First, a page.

Non-profit doesn’t necessarily mean free. How much does a non-profit credit counsellor cost and how do these services work?
I am a big fan of the services that the non-profit credit counsellors provide. If you are in the middle of a cash crunch you should definitely book an appointment with one. They can teach you about budgeting, provide basic credit counseling and talk you through your options in terms of negotiating with your creditors. And the non-profit agencies provide their services on the cheap.
Low cost or no cost on basic services
Basic services like counselling and debt management workshops are low cost or no cost, says Scott Hannah, president and CEO of the Credit Counselling Society. “This is made possible due to the donations and grants received by accredited non-profit credit counselling agencies from the credit industry, (businesses), government and the United Way,” he explains.
Monthly fee for Debt Management Program
There are fees associated with additional services that the agency can provide, for example setting up a debt management program, or DMP. “When a consumer is unable to meet their regular monthly debt payments, our agency as well as other (accredited agencies), may establish a DMP to help the consumer manage and pay off their unsecured debt by having the consumer deposit a monthly payment into a (trust account) which, in turn, is distributed to their creditors,” Hannah says.
To use a service, like the one offered by the Credit Counselling Societ, there is a one-time setup fee of $75 and a maximum monthly administration fee of $50. “All members of Credit Counselling Canada agree to waive fees in the event the consumer is not in a position to pay them,” explains Hanna.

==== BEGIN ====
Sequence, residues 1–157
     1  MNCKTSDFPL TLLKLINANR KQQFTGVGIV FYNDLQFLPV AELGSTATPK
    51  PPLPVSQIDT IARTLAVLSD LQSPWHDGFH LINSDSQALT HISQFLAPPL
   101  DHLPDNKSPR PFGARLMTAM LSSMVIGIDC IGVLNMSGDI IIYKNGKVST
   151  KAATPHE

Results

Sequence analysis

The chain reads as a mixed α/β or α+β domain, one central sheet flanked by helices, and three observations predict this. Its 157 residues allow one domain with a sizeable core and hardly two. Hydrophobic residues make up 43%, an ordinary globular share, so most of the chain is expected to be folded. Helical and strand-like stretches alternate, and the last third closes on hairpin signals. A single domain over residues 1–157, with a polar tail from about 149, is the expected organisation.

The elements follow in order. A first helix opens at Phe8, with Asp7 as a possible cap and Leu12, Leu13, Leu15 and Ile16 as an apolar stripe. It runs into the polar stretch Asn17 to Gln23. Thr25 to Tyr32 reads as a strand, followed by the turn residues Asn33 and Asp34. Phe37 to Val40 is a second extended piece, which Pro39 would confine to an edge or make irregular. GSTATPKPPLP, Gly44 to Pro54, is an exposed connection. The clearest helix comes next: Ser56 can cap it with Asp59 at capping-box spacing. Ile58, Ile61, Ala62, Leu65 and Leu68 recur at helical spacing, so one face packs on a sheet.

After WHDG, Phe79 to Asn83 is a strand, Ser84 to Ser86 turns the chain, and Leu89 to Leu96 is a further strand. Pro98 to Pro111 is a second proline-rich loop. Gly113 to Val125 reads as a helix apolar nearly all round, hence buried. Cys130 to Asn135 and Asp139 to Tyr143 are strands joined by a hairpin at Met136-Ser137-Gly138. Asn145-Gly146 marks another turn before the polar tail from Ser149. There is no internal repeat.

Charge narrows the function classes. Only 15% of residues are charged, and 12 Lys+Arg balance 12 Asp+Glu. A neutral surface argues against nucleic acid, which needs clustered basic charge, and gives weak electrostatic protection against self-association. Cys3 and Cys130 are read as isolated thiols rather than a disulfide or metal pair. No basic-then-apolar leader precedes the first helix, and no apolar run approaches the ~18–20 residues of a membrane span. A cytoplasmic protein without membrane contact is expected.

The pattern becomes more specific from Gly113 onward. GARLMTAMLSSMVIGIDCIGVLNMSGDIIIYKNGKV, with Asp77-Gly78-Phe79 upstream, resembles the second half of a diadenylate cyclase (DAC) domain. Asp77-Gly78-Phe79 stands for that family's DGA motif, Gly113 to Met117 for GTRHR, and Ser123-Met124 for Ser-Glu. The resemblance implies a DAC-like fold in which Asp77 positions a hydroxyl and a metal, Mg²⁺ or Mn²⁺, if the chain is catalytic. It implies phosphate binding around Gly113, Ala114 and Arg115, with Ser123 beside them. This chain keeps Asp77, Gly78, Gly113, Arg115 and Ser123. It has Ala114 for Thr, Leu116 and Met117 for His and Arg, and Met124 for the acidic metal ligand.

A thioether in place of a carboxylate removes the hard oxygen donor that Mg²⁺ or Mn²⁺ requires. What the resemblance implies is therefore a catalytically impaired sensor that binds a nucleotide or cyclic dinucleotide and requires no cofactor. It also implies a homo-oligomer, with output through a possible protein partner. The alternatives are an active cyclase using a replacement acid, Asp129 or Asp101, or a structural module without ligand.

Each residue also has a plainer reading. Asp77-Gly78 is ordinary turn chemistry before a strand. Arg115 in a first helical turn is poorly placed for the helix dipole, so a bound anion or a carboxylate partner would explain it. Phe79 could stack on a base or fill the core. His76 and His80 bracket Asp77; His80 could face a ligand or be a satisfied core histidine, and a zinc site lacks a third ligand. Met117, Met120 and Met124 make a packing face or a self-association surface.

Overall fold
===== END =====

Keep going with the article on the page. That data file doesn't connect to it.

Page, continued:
That $50 a month can really pay off, he says, given that the vast majority of creditors will either waive or substantially reduce their interest charges going forward. “The net effect is that while the consumer is paying a small monthly administration fee under a DMP, they will typically save thousands of dollars in interest charges each year, enabling them to get out of debt.”
Administrative charges for bankruptcy filing
In some cases, filing for bankruptcy is the best option for the consumer. But bankruptcy is not free. There are additional costs associated with going that route, says Jeffrey Schwartz, executive director of Consolidated Credit. Those costs can include, but are not limited to, a minimum monthly contribution towards the administrative charges of the bankruptcy, a surplus income payment and the money the individual loses through non-exempt assets (i.e. investments, tax refunds and home equity). Schwartz says that as the cost of bankruptcy is different for each individual, a trustee in bankruptcy is the appropriate individual to assess the cost of filing in Canada.
I believe that you are still best to start with a non-profit credit counsellor who can then connect you to a trustee who they know and respect, rather than going that route directly.
Work with a non-profit agency
The advantage of working with a non-profit credit counselling agency is that they aren’t trying to make money from their clients. Look for one that is a member of either Credit Counselling Canada or the Canadian Association of Credit Counselling Services. Hanna explains that members of either organization must be a registered Canadian charity; be governed by a volunteer board of directors; be properly licensed in the provinces in which they provide service and have successfully completed the initial accreditation requirements outlined by the respective national non-profit credit counselling association.
Fees for financial planning can take a big bite out of your investment returns over time. But fees associated with non-profit credit counseling are minimal and are far outweighed by the benefit of the services they provide.
Links to some non-profit credit counseling agencies